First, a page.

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Border Clinic, Retirees Try to Save Migrants' Lives

July 07, 2017 (3 min read)

Eric Boodman, Stat, July 6, 2017 - "When the man walked in with fang marks on his leg, the volunteers knew the protocol: In the case of a rattlesnake bite, you call 911. But like all of the patients who end up here, his very presence in this desert clinic meant he had broken American law.

He’d been bitten sometime after he’d slipped across the southern border, while he was walking 12 miles through the arroyos and cactus-studded outcroppings in and around the Buenos Aires National Wildlife Refuge. He was hoping to reach his family in the United States; the last thing he wanted was for anyone to call the authorities.

That was the dilemma that greeted Dr. Norma Price when she picked up the phone. She is a retired physician who volunteers with a group called the Tucson Samaritans, and she doesn’t remember exactly where she took the call because she has dealt with hundreds and hundreds like it over the last 13 years. She has taken them at a salon called The Coyote Wore Sideburns. She’s abandoned her groceries at Safeway and Trader Joe’s to do consults in the parking lot, without the distraction of Muzak and other customers.

She even got one of these calls on Christmas day, while she was visiting her kids and grandkids in Atlanta. She excused herself to help volunteers deal with a woman who was having trouble breathing, after the coyote who was supposed to guide her across the desert had assaulted her instead. He had broken her ribs, and her lung had been punctured by a jagged edge of bone. She had been found, stranded and wheezing, far out in the middle of the desert, and she needed to go to the ICU.

But this man had walked into the No More Deaths (No Más Muertes) clinic himself after the snakebite, and was adamant he didn’t want anyone to call 911. The clinic volunteers asked Price what they should do. “I said, ‘Explain to him that, number one, he could lose his leg, and number two, he might die,’” Price recalled.

He still wasn’t convinced.

Price was used to difficult cases. She had spent 15 years as a medical oncologist, prescribing different chemo combinations for stubborn tumors, and then 12 years in urgent care. But now, she isn’t just battling injury and disease. She and her fellow volunteers are fighting US border policy and the Trump administration’s crackdown on illegal immigration. That means fighting against the very landscape in which they work: the expanse of desert that undocumented migrants try to cross on foot to avoid being caught by the U.S. Border Patrol. It’s a place where even the smallest ailments can turn life-threatening. Blisters look like third-degree burns. Stomach bugs make dehydration even worse. A sprained ankle can mean being left behind to die.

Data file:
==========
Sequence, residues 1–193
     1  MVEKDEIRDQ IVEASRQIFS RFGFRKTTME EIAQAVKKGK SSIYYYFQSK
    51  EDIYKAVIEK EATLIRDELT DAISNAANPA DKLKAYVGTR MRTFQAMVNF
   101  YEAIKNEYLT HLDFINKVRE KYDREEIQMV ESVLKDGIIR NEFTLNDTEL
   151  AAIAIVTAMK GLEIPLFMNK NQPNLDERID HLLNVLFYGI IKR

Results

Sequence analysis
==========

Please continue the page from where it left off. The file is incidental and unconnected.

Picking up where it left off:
According to the Border Patrol, 6,915 corpses were found along the southwestern border between October 1998 and September 2016 — and as Dr. Greg Hess, the chief medical examiner for Pima County, put it, “We know for sure that Border Patrol’s number is an underestimate.”

Small nonprofits like No More Deaths and the Samaritans try to keep those people alive. But for the volunteers, providing even the most basic services out here is a legal high-wire act. They’ve been arrested while driving migrants to the hospital (the felony charges were eventually dismissed). They’ve had run-ins with the Border Patrol. Fellow citizens accuse them of abetting illegal immigrants. They’ve been told that their patients should be left to die.

That climate has only grown more hostile under Trump, whose candidacy was endorsed early on by the union of Border Patrol agents, and who won the election with bitterly anti-immigrant rhetoric. These volunteers take care not to break the law — not to cross the line between permissible medical care and unlawful assistance to migrants — but it’s an unpredictable business. ... [More...] "

Dr. Norma Price, 75, (left) and nurse Sarah Roberts, 61, pause near a water drop point in the desert.